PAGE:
Because its so rare that I get worked up over something that happens in the hobby, I think its only natural that I comment on the recent sale of the Strasburg superfractor to Razor entertainment for a little over $21,000. This card sure has generated a lot of press, including national media outlets, and when I read about the sale on Blowout, I became awfully frustrated with the guy who paid the original ridiculous price for a ridiculous card. Of course, my frustration with Beckett followed suit, as well.
When Power, an accountant, purchased the Superfractor for 16,000 dollars, there was so much shock in the sale that a lot of us were questioning the motives of a guy who had just come back to the hobby. It didn’t look like he knew anything about the card, and really didn’t even look like he knew anything about cards in general. Then, after a high(er) profile interview on ESPN, he relisted the card, much to the dismay of all the collectors who originally supported him (and those who didn’t). The card sold again for much more than he originally paid for it, but much like everyone expected, the sale did not go through. The card was eventually sold to Brian Grey and Razor for around 21K to be used in an upcoming product as the holy grail.
Beckett, in all their infinite wisdom, decided it was worth their time to check in again with Power, this time to find out why he gave up on his investment so quickly. Personally, I could have told you the reason in one sentence, but they decided it was worth about 20 pages. Its pretty obvious to me that even Power understood that keeping a card like that was not going to be worth his time, thanks to the extreme popularity and potential surrounding Stras’ first few starts, and decided to get his money back plus some. However, Beckett thought that it needed more than a simple explanation, and showed just what the hobby can do to a new collector. The problem with that is not what Power experienced as a person who bought one of the most high profile cards on the planet, its what Beckett brought to his door, and that’s what I feel bears discussion.
First off, Power sites negativity as a main reason for his resale of the card. To that I want to call shenanigans, and offer this commentary. I mean, I just don’t understand what he expected to happen. Did he think that hundreds of people were going to praise him for choosing a baseball card over a new Honda Accord or something like that? With fame comes haters, and those haters have nothing better to do than try to make you feel like you are a douche. Haters are only successful if they get to you, which is why just about every person who has a hater posse just ignores them. I don’t even read comments from my hater posse anymore, I actually have a special spam folder set up for them. What is the point?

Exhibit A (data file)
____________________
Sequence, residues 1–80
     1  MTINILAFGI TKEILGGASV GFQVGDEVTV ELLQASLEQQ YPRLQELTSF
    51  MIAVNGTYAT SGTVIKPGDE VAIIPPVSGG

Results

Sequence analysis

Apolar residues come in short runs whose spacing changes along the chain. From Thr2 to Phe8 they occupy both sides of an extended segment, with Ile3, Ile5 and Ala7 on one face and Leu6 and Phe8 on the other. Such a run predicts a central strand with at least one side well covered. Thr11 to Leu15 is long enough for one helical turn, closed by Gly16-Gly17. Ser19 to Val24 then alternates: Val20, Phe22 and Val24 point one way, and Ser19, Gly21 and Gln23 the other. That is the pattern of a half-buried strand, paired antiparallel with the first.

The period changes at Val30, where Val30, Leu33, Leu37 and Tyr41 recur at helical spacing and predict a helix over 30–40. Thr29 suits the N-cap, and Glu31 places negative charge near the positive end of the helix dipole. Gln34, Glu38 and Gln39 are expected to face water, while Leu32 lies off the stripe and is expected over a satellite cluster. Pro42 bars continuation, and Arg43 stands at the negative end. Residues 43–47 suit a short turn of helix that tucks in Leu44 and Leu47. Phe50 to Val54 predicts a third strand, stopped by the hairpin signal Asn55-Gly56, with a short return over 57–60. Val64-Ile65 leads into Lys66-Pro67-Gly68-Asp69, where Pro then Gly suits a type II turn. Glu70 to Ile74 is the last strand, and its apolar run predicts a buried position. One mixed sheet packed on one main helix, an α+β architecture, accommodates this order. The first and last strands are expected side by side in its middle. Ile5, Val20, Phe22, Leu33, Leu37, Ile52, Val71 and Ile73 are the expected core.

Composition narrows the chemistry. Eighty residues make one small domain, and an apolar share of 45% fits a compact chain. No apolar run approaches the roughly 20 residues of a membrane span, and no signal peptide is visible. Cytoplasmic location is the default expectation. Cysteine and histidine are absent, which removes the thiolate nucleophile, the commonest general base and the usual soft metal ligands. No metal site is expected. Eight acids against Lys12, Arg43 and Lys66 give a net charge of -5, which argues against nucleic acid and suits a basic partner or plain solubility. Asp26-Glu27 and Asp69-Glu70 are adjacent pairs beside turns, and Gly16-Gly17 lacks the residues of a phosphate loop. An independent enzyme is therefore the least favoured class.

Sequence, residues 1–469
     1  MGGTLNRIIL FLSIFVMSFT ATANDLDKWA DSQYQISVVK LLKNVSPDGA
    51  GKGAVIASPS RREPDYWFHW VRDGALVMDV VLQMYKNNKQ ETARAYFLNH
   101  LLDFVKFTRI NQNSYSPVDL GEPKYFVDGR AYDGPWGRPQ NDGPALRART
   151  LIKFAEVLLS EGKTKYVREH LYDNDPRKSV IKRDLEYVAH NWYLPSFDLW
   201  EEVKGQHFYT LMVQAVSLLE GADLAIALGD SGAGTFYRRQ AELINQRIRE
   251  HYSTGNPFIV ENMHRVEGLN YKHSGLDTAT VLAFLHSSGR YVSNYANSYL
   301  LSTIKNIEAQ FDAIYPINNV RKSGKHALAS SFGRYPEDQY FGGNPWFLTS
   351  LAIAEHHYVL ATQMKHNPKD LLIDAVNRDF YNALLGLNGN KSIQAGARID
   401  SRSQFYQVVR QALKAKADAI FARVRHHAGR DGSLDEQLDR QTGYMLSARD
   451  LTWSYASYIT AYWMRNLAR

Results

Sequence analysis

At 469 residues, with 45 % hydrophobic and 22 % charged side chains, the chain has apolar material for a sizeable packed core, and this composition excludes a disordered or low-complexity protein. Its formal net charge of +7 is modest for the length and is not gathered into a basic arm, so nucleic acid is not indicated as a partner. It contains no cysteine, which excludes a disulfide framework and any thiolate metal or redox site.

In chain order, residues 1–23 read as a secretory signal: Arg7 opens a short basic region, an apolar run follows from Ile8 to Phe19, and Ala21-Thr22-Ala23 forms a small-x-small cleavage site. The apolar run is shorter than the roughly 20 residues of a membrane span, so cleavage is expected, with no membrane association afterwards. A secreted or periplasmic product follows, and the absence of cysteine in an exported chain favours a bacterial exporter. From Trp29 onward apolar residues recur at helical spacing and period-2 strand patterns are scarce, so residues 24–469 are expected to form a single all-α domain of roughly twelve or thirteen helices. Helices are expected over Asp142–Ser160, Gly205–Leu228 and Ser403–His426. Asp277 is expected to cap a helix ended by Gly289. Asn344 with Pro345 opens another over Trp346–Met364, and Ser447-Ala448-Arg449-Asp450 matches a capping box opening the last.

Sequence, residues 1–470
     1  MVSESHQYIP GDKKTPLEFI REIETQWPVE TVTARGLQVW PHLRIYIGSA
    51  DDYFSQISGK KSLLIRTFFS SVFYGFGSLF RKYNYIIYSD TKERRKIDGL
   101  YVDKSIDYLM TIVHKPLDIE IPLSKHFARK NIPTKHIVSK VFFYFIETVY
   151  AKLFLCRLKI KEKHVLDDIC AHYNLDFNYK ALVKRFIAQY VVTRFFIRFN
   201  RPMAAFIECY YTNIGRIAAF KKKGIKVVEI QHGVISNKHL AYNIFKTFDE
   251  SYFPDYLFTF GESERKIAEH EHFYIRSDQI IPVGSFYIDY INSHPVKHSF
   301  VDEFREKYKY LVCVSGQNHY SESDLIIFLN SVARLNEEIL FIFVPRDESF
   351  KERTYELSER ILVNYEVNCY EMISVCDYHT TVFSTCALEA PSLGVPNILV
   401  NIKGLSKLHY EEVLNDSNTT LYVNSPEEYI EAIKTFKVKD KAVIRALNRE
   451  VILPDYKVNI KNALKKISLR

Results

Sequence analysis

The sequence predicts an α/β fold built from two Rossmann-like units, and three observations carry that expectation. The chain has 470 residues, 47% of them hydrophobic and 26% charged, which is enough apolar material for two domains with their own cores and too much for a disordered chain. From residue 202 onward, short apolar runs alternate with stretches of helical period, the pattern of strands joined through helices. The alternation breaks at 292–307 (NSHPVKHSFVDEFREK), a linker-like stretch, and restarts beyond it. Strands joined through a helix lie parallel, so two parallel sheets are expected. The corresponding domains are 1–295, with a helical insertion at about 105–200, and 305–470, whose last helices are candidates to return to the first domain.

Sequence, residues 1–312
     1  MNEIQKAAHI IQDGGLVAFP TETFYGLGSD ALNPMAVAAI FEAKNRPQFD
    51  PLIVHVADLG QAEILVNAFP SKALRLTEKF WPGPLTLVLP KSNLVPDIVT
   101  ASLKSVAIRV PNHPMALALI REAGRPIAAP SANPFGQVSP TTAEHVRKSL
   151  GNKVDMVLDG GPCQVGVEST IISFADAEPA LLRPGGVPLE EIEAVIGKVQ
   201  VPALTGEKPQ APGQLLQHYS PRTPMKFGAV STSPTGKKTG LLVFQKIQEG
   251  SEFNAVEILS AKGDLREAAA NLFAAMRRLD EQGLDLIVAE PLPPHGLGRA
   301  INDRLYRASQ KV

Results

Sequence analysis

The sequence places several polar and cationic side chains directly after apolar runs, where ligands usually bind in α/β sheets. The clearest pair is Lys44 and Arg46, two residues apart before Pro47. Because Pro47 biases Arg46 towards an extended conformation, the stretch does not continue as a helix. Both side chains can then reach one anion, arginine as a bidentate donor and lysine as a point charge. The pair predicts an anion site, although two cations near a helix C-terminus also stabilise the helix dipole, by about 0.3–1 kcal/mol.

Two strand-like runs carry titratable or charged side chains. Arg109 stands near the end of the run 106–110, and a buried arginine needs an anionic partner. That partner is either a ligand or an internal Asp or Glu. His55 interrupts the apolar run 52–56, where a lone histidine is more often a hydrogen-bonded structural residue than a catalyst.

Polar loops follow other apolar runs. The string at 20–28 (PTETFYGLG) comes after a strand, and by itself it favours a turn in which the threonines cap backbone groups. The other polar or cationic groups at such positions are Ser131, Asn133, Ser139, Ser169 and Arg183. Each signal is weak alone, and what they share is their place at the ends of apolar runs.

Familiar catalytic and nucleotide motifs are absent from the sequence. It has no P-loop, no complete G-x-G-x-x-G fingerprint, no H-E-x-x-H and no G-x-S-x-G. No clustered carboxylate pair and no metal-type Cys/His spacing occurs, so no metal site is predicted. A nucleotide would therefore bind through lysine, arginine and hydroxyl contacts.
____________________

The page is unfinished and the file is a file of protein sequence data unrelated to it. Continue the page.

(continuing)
Secondly, why would you complain about how many messages you get when you are the one who gave that initial interview? Power easily could have remained in the dark, keeping the card he “had to have.” Instead he went on the main hobby news source, ESPN, and just about every other place to talk about his buy. If that isnt asking, scratch that, BEGGING for attention, I don’t know what is. My favorite part of this is that Beckett seems to take an omniscent narrator stance on this whole thing, like they had nothing to do with the negativity surrounding the card. If anything, I would say they are responsible for most of it. They presented Power like he was some sort of folk hero, and then did even more damage by giving the card the grade they did. In fact, I would say most of the negativity, at least now, surrounds Beckett’s biased grade of the card rather than Power himself. Maybe he needs to talk to them about the bad press rather than whining about how negativity spoiled his hobby rebirth.
All of that is just par for the course for Beckett, and I guess that Power really doesn’t have the hobby experience to know that. Five years ago, maybe this would have been a much different situation, but Beckett has done so much over that period of time to soil their reputation, that its become more commonplace to hate Beckett than side with them now. I remember when I first discovered online collecting and how many people loved each and every box break that Beckett did. These days, that’s not even close to the case, and I still laugh when people snark at a big pull with “those boxes were meant for Beckett.”
Hell, just writing this post has made it tough to avoid another huge rant on the grading business or Beckett in general, and I think that is just a testament to the polarization that Beckett propagates in this hobby. You either are or you arent, and its really too bad that Power didn’t have the forsight to realize that the Beckett “aren’ts” and fame stalkers wouldn’t let him have a pass. I guess that’s what you get with 15 minutes of fame, and for our friends in Texas to take a “hands washed” stance on it like they did is completely stupid. Nice job again Beckett. Even nicer job Mr. Power.